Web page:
Scriber Law Group, LLC.

Objections to Executors

When a person creates a Will, he or she selects a person to manage the estate. This person is known as the Executor of the estate. In some cases this person is referred to as the Personal Representative of the estate. Upon the death of the person, the probate judge will appoint the Executor named in the Will. Although the Executor must act in the best interest of any beneficiary under the Will, the beneficiary does not chose the Executor and therefore cannot fire her.

This brings up the question: What can a beneficiary do if they do not agree with the selection or actions of the Executor? The main course of action for the beneficiary is to file an objection to the Executor. The objection will commonly be based on two different arguments. In the first argument, a beneficiary can argue that the Executor lacks the capacity to administer the estate, and therefore should not serve in the role. The second common argument focuses on the actions of the Executor, and states that the Executor did something that was not in the best interest of beneficiaries. Under each instance, the beneficiary must file an objection to the Executor and provide proof at a trial.

What you can do if you object to the Executor?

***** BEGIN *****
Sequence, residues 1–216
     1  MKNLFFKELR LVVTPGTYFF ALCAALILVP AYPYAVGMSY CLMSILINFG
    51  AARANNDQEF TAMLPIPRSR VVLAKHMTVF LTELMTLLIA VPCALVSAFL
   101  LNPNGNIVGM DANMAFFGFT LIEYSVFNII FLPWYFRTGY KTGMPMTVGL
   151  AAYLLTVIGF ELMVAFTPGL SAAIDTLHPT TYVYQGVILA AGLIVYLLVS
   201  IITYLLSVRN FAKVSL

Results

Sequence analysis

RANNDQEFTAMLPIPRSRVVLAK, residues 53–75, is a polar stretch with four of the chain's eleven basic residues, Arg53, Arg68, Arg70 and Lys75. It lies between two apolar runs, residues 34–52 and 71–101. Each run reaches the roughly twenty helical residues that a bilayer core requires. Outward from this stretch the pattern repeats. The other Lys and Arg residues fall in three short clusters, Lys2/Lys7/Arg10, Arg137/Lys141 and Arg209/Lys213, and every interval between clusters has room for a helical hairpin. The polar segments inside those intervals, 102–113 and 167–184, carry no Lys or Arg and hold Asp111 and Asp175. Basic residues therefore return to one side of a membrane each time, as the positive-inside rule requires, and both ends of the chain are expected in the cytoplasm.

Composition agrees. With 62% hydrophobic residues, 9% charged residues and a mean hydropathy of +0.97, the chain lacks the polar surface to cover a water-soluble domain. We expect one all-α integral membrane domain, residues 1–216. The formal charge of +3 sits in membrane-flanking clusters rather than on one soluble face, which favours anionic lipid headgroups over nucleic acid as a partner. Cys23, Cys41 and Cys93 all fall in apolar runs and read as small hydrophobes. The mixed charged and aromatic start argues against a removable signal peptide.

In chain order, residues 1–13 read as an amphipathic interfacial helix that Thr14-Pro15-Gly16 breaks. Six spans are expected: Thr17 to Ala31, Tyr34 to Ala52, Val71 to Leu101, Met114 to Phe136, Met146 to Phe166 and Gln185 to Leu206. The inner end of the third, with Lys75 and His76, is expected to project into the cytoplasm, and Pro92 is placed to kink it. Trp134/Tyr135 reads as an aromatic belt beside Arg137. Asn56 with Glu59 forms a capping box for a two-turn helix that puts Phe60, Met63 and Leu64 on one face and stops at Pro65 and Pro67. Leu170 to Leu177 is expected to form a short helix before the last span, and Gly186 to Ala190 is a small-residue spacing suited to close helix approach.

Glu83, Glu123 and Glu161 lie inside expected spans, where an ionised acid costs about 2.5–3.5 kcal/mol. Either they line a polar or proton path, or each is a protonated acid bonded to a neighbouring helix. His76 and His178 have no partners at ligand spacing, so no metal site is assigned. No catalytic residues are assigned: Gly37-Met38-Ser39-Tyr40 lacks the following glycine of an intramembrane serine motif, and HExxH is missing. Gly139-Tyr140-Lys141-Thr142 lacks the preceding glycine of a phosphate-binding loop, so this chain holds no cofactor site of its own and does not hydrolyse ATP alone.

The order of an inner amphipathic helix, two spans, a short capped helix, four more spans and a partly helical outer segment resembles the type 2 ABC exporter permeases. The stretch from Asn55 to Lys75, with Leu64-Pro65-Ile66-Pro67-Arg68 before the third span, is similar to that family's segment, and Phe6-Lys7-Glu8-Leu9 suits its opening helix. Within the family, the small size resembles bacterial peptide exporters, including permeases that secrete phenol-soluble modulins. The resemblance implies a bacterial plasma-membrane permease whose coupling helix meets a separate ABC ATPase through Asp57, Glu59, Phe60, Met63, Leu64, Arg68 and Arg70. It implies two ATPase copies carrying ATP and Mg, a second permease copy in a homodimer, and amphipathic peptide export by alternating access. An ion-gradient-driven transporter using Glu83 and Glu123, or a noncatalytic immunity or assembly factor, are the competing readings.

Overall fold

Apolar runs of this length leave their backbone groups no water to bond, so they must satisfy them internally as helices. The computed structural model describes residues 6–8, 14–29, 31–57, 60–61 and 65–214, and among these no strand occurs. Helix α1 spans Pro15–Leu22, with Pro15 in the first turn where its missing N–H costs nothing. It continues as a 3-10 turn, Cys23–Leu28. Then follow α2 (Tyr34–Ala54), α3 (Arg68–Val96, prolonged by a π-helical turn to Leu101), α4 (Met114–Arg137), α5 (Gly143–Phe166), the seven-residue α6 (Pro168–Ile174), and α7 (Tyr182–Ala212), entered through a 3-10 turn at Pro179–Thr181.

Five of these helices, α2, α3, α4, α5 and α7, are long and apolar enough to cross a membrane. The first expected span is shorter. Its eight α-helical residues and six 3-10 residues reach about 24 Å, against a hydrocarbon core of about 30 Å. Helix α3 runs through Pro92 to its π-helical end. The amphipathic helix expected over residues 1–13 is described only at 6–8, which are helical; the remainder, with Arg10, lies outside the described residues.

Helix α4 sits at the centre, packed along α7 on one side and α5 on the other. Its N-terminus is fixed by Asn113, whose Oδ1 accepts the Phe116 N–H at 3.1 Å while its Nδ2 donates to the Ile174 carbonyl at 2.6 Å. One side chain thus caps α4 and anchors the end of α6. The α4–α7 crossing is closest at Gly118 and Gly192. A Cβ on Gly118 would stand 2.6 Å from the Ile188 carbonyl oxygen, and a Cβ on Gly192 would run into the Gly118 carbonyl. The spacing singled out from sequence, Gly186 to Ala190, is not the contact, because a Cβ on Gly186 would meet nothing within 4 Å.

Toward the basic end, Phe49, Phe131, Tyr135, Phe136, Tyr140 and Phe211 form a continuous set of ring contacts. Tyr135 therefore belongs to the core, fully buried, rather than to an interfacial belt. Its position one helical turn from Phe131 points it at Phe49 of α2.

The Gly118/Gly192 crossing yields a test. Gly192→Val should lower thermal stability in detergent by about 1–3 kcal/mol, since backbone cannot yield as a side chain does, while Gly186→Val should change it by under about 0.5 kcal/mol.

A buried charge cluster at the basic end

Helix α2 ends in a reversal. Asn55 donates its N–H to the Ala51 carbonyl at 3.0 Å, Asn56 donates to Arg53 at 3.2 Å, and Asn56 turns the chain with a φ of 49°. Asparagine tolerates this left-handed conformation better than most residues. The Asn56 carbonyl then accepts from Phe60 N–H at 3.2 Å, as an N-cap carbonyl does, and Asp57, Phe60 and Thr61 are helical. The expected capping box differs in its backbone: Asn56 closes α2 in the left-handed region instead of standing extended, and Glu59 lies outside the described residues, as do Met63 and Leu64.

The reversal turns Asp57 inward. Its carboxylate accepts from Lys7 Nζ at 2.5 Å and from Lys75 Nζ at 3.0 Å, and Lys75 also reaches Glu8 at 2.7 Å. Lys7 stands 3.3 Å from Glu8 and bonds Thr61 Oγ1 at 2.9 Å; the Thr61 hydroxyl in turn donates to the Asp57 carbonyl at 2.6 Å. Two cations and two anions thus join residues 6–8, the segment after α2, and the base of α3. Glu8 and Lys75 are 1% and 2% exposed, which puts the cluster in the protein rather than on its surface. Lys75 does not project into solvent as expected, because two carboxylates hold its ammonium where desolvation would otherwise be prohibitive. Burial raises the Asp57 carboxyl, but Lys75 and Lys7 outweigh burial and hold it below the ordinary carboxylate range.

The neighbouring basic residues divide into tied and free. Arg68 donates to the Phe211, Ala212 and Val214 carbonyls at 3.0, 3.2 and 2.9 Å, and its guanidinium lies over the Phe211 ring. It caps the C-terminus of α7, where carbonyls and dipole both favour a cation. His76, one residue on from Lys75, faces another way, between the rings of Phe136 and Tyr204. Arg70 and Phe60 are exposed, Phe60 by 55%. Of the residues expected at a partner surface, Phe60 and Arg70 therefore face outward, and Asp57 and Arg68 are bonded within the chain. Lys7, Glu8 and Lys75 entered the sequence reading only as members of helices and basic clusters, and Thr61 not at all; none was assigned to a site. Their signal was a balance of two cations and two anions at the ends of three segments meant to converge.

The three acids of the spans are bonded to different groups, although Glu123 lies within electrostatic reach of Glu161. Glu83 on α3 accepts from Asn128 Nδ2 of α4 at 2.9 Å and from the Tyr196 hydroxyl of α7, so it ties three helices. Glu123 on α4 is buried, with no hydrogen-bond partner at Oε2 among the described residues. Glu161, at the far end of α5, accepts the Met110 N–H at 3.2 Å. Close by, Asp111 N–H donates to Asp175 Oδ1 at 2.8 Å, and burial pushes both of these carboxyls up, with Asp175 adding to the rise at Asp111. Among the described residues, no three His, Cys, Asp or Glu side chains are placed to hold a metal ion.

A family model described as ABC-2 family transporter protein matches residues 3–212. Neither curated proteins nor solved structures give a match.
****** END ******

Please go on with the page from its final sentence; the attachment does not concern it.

There are many different actions that you can take if you think that an objection to the Executor is appropriate in your case.

  • Begin by looking at the actual Will. Make sure that the Will actually lists the person named as Executor. Furthermore, investigate whether the actual Will is valid under Georgia law. If the Will was not executed properly, then it would invalidate the Executor.
  • Examine whether the Executor lacks capacity to carry out the Will. If you have proof that the Executor has a severe physical or mental incapacitation, or has committed an action that prevents her from carrying out the duties as Executor, then the probate judge may remove her.
  • Consider whether the Executor has acted against the best interests of the beneficiaries in administering the estate. This can happen when an Executor acts dishonestly or uses the position to benefit her own interests. If you have proof of any such actions, then the probate judge may disqualify the Executor.
  • The final step is to contact an experienced probate attorney to file the objection to the Executor. Following the filing, the attorney can also represent you at the hearing.

The attorneys at our firm are experienced in filing and representing parties when an objection to an Executor is appropriate. If you believe that an objection should be filed, have any questions, or would like to get started, call our office at (404) 939-7562 or contact us online for a free consultation.

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